Red Lettering

Stories will not be written easily. A story without a heart is dead, and the only place it will get a heart is from the author.



There are very few things that are entirely obligatory to something written. A skilled writer might be able to manage a story without characters, and many unskilled writers write without characters (posing as characters are names and cardboard cut-outs). Many young writers have their stories without climaxes, and even published works have been found to be without endings sometimes.

But beginnings are entirely necessary. Good or bad, beginnings are always there; writers have to start somewhere.

I considered writing my first post on climaxes, or endings, just for the irony of it, but it wasn’t quite ironic enough for people to notice, so I decided against it.

I read three blogs dedicated only to writing that immediately come to mind, and probably five that have posts about writing well on them, but I don’t think that I’ve ever read a post on one of them about beginning a story. I have read posts about before you start writing, about assembling an outline, and about developing your characters before the start of the novel, but I do not recall ever reading one about the first few paragraphs of a novel. People often tend to ignore that beside the general, “Don’t begin a book on “a dark and stormy night,” or with your character waking up to the blaring of their alarm clock.”

Yet the beginning of a novel is important. Few agents or publishers will read past the first few paragraphs if they’re unimpressed by what they see there. Readers are more likely to continue, but once you make a first impression, it’s hard to change it.

The only question now being what makes a good beginning?

While there’s little on beginning novels, it’s not an entirely untouched subject, and there are some things that most writers know. The most obvious is to capture the attention of the reader. It’s exceptional advice… yet often, I think, writers take this a little bit too far.

There are many things that go into making a good beginning which won’t be touched here, but I think that the most important thing that I know is that people don’t care about your characters. 

Often I’ve seen both works-in-progress and published novels where authors almost immediately put their characters in danger. They leave us no time to get attached to the characters before expecting us to care if they die at all. We’re not heartless readers, but, truly, characters die all the time. We have no reason to care if particular characters die unless we’ve been given a reason, and if the authors immediately expects us to care, it only irritates us.

In Bryan Davis’s Raising Dragons, the story begins not in the middle of a battle, but in a normal, everyday life… that isn’t so normal anymore. Bryan Davis immediately shows us what is normal as well as showing us what’s changing the normal of the main character. For another chapter, the effects of the change are seen, but we don’t actually find the real, life-or-death danger until we care about the characters.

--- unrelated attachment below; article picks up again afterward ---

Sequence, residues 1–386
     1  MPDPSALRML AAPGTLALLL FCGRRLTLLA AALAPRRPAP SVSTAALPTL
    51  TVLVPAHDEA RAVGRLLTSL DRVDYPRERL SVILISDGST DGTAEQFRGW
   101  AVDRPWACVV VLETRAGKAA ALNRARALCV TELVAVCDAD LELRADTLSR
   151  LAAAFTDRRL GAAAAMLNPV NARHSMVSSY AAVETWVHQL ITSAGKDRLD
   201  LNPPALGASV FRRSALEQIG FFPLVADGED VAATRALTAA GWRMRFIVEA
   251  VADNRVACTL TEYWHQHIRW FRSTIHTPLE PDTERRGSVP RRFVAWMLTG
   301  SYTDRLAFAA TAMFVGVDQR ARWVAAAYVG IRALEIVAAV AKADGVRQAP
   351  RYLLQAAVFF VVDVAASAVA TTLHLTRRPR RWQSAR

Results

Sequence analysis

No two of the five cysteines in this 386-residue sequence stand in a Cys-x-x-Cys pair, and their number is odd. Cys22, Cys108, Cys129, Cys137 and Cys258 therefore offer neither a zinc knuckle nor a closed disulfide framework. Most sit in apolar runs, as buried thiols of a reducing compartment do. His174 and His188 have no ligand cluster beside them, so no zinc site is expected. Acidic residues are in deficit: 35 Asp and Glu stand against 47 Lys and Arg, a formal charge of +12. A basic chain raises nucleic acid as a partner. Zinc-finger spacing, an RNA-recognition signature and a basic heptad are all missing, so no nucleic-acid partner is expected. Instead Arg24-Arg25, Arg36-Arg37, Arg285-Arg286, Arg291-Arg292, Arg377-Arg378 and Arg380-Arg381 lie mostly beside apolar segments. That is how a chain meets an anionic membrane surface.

In Anne Elisabeth Stengl’s, Heartless, it opens with a brother and a sister playing by the side of a river on the edge of a forest that no one enters. A normal thing, but with a touch of mystery, of fantasy that makes us wonder, who is going to stumble into the Wood…or who is going to come out? After the prologue, we enter a normal day, a few years later, which is soon changed by the appearance of something out of the ordinary, but not something setting a blade to the character’s neck. It keeps us reading, and then the threat enters. By that time, we have found that, at some point without noticing, we got attached to the characters.

My favorite books have started by showing what is normal for the characters and threatening it quietly. Starting with a direct threat to the characters doesn’t seem to work for me, because I have no  interest in the characters, but if you show me something small that interests me enough to keep me reading until I’m attached to the characters, I consider it to be well done.  Sometimes there is a prologue, or a brief scene beforehand that shows a threat, but the books that I’ve remembered have not started with a sword-fight or the character nearly dying.

By the time characters are being shoved into close brushes with death, the reader should realize that they like the characters. They should realize that they’re ready to clobber the author if the character dies.

Then we, the authors, know that we’ve crafted a good beginning.

What are your favorite beginnings to stories? Do you agree? Disagree? What have you found about writing beginnings that’s helped you? There’s a neat little “comment” box below!

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2 thoughts on “Beginnings

  1. Hannah on said:

    A beautiful post! And how true! For me, I like a really tantalizing prologue and then chapter 1 introducing us to the main character, their way of life, and the threat. That’s how I’ve handled most of my novels. But yes, I’ve noticed that those quieter, but mysterious beginnings can sometimes be the best!

    • Athelas on said:

      Knowing the characters before actually introducing danger also helps the reader identify the threat, since it’s kind of hard to know whether or not the character is usually being shadowed if we step right into the action.

      Prologue’s seem to work pretty well, but I’ve heard that publishers frown on prologues by beginning authors a bit (maybe because they’re so common in young writers?). I tend to avoid prologues because of that, though I don’t remember where I heard it, nor do I know if it’s true.

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